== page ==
OK, here is one for the Canoe guys.

I was just given an old canoe. The gunnel has pulled loose, aluminum but the fiberglass is undamaged.

It is a Pat Moore tandem from when he was in Indiana. (I am figuring mid 1970’s)

Any info on his canoes would be appreciated…

Now for the question.

The gunnel is aluminum tubing with a slot in it. It fits down over the glass, which has holes in it. There are NO holes,bolts, rivets etc. through the aluminum and the fiberglass is undamaged so nothing pulled through the glass. How was the gunnel attached??

I have a feeling I have a descent boat once it’s all put back together…

don’t know
Maybe some sort of peg through the hole? Interesting.

In any case, aluminum isn’t very nice anyway, so why not put some cherry or ash rails on that one?


How about this?

– Last Updated: Apr-23-08 11:24 PM EST –

Maybe some sort of blocking was once bolted through those holes, and after that was installed, the gunwale was threaded on from one end? I can envision the blocking material consisting of many little blocks, with an individual block at the location of each hole, or a continuous strip on both sides of the hull, like a miniature gunwale within a gunwale.

The blocking material might need to be shaped in such a way as to come in contact with the tubular aluminum at locations other than just the two edges of the slot to keep it from being wobbly. Sounds like a major job is coming up anyway, so maybe start by unfastening the deck plates and see if the other gunwale will slide forward or back to reveal what's inside? If that's how it stays on, I'd guess it might be a tight fit, being bent around a curve like that.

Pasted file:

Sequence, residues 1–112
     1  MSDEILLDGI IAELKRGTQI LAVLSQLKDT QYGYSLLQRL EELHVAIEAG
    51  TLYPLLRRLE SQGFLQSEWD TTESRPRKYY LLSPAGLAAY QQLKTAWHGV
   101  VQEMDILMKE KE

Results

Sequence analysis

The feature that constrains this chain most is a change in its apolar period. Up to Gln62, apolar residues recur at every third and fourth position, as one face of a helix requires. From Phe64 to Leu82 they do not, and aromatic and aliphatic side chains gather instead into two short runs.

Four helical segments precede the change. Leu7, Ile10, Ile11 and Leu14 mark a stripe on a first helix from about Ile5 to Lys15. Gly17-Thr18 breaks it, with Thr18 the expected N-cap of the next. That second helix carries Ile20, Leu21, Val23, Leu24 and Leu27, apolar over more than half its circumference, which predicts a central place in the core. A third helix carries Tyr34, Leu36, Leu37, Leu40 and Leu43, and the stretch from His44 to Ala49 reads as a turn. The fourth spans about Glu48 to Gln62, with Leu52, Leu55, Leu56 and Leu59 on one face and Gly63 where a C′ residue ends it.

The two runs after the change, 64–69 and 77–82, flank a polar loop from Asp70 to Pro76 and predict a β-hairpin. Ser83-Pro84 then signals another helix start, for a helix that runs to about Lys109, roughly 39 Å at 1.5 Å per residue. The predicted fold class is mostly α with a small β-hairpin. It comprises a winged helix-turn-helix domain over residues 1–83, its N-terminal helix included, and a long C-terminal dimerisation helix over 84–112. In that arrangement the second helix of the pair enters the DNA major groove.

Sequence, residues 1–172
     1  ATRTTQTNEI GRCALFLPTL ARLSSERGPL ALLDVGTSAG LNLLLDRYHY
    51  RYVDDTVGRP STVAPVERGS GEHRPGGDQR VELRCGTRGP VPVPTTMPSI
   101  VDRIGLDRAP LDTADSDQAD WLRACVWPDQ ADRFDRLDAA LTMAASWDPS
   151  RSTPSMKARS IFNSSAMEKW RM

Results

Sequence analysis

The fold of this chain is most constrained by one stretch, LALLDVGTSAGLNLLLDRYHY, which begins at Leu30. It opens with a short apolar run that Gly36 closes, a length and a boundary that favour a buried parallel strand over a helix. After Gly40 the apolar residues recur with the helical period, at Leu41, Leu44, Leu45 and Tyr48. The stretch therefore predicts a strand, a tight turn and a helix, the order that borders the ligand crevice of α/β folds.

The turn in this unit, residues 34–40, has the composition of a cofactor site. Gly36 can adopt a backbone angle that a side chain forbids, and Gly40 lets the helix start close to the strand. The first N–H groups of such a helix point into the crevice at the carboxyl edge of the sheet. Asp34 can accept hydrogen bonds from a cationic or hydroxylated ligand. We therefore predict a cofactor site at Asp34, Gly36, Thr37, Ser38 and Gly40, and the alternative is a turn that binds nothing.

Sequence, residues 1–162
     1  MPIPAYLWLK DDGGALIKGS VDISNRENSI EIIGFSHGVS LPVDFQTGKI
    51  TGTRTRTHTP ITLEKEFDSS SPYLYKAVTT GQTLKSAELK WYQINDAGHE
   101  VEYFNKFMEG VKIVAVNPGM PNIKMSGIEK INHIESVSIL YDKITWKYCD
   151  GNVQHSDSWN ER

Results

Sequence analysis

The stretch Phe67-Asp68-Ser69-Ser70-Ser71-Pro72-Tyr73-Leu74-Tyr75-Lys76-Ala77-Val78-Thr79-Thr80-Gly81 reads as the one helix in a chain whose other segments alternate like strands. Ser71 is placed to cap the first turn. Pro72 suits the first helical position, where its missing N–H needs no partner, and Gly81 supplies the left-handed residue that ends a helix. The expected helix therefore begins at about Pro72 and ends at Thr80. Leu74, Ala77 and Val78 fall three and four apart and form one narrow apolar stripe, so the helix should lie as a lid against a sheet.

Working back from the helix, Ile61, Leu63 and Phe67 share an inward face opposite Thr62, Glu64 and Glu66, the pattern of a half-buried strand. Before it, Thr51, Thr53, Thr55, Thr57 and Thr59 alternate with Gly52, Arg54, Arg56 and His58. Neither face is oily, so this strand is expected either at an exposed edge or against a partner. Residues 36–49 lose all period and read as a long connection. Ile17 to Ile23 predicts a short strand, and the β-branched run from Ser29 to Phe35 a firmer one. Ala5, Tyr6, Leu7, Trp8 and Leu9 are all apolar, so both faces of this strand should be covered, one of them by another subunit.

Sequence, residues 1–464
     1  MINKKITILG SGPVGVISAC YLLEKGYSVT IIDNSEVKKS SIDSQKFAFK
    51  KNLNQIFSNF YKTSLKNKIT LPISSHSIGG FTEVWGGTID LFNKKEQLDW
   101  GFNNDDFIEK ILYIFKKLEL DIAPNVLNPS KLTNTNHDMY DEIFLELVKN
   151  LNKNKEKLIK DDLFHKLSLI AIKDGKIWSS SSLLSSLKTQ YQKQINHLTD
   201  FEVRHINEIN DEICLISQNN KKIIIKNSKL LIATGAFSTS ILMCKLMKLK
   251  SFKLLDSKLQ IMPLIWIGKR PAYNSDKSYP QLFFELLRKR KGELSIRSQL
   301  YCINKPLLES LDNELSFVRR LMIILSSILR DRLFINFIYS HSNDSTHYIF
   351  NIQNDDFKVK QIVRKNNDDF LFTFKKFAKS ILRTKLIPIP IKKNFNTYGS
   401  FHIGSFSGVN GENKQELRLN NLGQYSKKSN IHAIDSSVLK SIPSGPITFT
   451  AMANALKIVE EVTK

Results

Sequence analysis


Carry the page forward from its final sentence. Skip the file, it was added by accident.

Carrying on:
I don’t know
The weird part is…the glass isn’t damaged in any way!!

I might strip it off and put wood on…

I’m thinking that…

– Last Updated: Apr-23-08 11:39 PM EST –

...if some sort of blocking material was bolted on first, those bolts could have rusted away on such an old boat. Or maybe instead of bolts, the attachment was made with some sort of "snappy plastic gizmo" which later became too brittle to hang together anymore. In either case, maybe the blocking material is still inside the gunwale that came loose.

the canoe is 17’ long…

would really like some pics
My interest is piqued.


– Last Updated: Apr-24-08 7:29 PM EST –

They used sized cross pins, which have probably rusted away. Diameter and length are key fit issues.

Put on in, slide the rail down, repeat.

If you're not interested in restoring a museum piece, a set of WeNoNah Rails from your local dealer would work better, and attach positively with pop rivets. Alternate consideration would be Bell or Swift Alu rails. Both are two piece, which eliminates waves in the top of the laminate.

OK, I will shoot some tomorrow
I need to start documenting it now.

Oh… on the rusted bolt theory… nope, no rust marks either. I think it had to just be a friction fit of some type…

I was on the right track, then
Cross pins of the proper length functioning both as anchors and as the ‘blocking’ mechanism I was envisioning. Cool. Do you suppose someone came up with that method as a way of making use of something super-simple and readily available like tubular aluminum, or just to eliminate the “rivet look”?